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[Linux] [OSX] Essential Now Playing on Linux

NOTE: This was tested solely on Ubuntu 17.10, so though this can work on OSX, you will have to work out those details.

I really like to show the current song that is playing on my stream. Most of the music I listen to is on YouTube, so I would like to display the title of the video I'm listening to in my stream. I also strictly use Chrome. There used to be a really nice plugin called Untamed Now Playing which used Chrome's old NPAPI to write to a text file, but NPAPI has since been discontinued. If you are in the same boat as me, then this guide is for you. (Note that if you are using FireFox, there is already a plugin out there for you).

The plugin that exists now is called Essential Now Playing by singular1ty. Alas, the new protocol Chrome uses to transfer data from plugins requires a third-party application and ENP's application is written in C#. Fortunately, there is no need to go to wine, as the new protocol can be used by any platform.

Here's a super simple, fool-proof guide. Read this if you don't want to know or care about the details:

Obviously, you must have the Essential Now Playing companion plugin installed on Chrome. Make sure to go to chrome://extensions and enable developer mode. Then look under the ENP plugin and copy the extension ID to a file or somewhere where you can retrieve it later. The ID can be found as follows:

Screenshot from 2018-06-13 08-31-13.png

First of all, make sure nodejs and npm are installed. You can get both bundled here (or just google a tutorial, it's super simple). Determine which directory you want to have the text file output to and open a terminal shell there. Then run the following:

npm install chrome-native-messaging
npm install write
Then create a .js file and take note of its name. Open it, and enter the following:


var fs = require('fs');
var writeFile = require('write');
var nativeMessage = require('chrome-native-messaging');

var input = new nativeMessage.Input();
var transform = new nativeMessage.Transform(messageHandler);
var output = new nativeMessage.Output();


function messageHandler(msg, push, done) {
    writeFile('np.txt', + " | ", function(err) {});
This will take in stdio from chrome and write them to a file in the same directory called "np.txt." It will also add a "|" separator character to the end. If you wish to change that then you should edit line 19 where it says

Code: + " | "
Now that you have the js file, there is one last step, which is to create the manifest file. Create a new file and make sure it is named "com.flyinglawnmower.obsnp.json." Then enter the following in it:

  "name": "com.flyinglawnmower.obsnp",
  "description": "Now Playing Helper",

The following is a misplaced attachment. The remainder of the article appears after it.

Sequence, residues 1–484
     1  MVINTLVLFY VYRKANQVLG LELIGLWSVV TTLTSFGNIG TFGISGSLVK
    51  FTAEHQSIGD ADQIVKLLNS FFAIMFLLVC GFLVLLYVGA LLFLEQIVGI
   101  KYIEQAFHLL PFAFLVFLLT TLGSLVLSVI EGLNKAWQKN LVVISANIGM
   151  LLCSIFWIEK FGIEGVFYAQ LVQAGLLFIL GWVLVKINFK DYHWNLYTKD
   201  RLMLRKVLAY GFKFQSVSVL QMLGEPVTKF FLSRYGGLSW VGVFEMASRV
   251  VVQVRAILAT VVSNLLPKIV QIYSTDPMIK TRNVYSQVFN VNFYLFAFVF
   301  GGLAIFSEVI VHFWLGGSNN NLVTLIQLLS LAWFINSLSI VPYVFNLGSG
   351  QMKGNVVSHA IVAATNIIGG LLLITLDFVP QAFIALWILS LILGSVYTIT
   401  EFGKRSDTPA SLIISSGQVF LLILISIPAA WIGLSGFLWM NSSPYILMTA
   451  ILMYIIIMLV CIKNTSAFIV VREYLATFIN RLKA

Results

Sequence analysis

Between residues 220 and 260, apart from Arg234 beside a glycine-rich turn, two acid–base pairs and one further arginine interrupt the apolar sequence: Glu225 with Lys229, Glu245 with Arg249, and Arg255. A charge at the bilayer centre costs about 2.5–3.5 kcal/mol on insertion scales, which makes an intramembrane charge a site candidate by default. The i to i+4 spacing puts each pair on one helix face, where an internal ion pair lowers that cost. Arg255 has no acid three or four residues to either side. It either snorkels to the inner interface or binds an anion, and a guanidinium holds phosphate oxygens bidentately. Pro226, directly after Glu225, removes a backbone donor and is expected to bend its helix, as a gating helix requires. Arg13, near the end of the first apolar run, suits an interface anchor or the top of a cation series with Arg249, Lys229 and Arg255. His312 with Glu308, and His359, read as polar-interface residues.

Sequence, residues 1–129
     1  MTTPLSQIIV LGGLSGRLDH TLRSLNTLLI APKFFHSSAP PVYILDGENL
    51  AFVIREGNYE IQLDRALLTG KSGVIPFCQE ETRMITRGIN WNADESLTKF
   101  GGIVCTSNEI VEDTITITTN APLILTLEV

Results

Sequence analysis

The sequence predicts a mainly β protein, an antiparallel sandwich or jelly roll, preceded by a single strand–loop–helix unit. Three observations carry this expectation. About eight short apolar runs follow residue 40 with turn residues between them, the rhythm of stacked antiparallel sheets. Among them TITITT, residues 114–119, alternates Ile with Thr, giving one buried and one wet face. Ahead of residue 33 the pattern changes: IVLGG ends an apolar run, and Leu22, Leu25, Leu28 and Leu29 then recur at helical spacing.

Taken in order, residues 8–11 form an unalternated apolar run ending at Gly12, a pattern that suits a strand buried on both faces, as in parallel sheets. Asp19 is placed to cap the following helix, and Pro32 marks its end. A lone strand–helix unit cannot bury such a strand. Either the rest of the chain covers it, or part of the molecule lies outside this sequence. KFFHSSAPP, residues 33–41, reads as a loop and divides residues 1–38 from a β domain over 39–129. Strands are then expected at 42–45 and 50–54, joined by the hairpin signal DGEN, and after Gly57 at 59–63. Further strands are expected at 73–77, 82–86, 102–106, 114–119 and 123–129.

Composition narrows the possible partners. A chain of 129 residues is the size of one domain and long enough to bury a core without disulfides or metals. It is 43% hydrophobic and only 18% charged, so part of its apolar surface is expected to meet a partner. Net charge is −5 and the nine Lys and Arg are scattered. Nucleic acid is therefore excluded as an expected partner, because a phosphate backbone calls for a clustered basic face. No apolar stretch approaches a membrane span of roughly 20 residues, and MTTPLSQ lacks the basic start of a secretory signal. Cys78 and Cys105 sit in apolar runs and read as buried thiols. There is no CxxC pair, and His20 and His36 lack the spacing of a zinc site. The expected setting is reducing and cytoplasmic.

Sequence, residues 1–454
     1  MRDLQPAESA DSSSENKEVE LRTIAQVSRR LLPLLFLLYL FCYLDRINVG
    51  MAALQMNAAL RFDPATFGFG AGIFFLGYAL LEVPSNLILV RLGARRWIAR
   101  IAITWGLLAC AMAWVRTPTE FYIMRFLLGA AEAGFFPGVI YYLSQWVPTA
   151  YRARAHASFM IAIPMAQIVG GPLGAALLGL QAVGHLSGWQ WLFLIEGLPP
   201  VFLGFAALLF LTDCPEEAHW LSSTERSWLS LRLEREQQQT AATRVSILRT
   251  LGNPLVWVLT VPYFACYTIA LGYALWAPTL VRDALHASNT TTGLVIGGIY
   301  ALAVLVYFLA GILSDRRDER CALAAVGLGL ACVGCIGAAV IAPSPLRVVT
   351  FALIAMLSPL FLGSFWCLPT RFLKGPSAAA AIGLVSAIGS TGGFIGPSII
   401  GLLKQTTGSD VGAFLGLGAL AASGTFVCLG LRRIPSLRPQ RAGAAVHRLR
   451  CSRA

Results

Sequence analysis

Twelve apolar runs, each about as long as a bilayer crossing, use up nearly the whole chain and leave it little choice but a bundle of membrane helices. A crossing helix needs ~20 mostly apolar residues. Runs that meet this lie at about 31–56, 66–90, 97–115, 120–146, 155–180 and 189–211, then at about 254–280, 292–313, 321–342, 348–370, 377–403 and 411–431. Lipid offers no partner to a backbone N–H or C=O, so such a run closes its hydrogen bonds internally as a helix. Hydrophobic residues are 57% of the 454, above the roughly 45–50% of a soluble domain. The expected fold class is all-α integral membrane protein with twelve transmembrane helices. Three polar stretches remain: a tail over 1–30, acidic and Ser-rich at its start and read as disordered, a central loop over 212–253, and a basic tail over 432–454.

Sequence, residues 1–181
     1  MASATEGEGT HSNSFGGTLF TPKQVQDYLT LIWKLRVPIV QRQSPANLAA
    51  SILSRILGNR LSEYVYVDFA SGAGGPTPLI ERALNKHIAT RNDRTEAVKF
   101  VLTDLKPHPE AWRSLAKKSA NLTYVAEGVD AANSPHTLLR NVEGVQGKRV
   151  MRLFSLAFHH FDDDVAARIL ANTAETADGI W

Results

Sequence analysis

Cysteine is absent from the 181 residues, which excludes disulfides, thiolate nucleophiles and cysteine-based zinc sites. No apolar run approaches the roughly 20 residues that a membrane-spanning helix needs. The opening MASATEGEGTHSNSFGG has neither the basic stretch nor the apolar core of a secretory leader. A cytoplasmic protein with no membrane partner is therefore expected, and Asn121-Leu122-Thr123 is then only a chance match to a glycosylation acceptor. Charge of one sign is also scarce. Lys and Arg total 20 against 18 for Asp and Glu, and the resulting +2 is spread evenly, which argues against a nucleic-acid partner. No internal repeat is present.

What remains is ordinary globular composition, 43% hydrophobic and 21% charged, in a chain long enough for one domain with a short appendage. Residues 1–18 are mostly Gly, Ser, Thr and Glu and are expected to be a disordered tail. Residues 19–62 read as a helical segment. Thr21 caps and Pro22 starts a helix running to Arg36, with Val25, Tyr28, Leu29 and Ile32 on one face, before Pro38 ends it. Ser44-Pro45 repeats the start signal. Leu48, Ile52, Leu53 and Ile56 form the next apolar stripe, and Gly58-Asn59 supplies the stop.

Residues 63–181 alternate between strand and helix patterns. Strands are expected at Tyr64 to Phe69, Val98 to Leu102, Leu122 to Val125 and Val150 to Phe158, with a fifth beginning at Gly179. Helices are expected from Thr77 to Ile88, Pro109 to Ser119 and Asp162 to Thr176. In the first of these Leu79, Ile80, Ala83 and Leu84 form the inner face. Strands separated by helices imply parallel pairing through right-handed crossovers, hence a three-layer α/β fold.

"path": "/PATH/TO/JSFILE.js",
  "type": "stdio",
  "allowed_origins": [
Replace "/PATH/TO/JSFILE.js" with the path to the .js file you created earlier, including the js file itself. Replace ID with the ID you found from earlier. (For me, it is aocghdlnkcebaipehcejjpeiijpdjldo. I'm not sure if its the same on every system?)

The final step is to move this file to the native messaging host directory, which is different for each operating system. Adhere to this link to determine the correct path (it's under the "Native Messaging Host Location" subheading). At the time of writing this guide, for OSX it is "~/Library/Application Support/Google/Chrome/NativeMessagingHosts/" and for Linux it is "~/.config/google-chrome/NativeMessagingHosts/."

Assuming everything went to plan, it should be working now! If you go to a youtube page, click the play button in the top right, and then click "Start," it should output to a text file in the same directory as the js file. You can then use the text file as input for the text object in OBS Studio. If it doesn't work, try opening a terminal in the directory you chose and running "node ./{jsfile}", replacing {jsfile} with the name of the js file. If there's an error then that is your problem! If not, try running the plugin while running the program in node.

Happy streaming!

For more experienced users:

The way the new Chrome protocol works is by stdio. The way Chrome is able to know what program to stdout/stdin to is by using a manifest file, the details about which can be found here. Note that when creating the manifest file, the name you choose for the file and the name you use in the manifest should be the same. Also, the name of the manifest is the port over which the plugin will output data.

The source code used by ENP specifically to parse the bytes can be found here. I would recommend using this code as your guide if you wish to create an app to deal with the input yourself. Keep in mind that the first four bytes are length information. Alternatively, you can use the chrome-native-messaging library on npm if you want to use node but don't want to deal with the bytes.

Of course, you could always use wine and run the native app. To me that seems needlessly inefficient for something as straight-forward as stdi/o, though.
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